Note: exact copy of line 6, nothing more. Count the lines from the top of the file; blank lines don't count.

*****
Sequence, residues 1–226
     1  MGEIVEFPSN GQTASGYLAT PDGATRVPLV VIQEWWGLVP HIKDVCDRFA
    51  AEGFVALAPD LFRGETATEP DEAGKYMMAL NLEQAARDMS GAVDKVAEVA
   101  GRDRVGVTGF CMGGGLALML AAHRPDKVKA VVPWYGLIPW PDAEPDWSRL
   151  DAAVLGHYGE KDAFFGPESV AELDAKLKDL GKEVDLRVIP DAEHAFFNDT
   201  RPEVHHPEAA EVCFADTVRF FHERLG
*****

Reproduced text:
   201  RPEVHHPEAA EVCFADTVRF FHERLG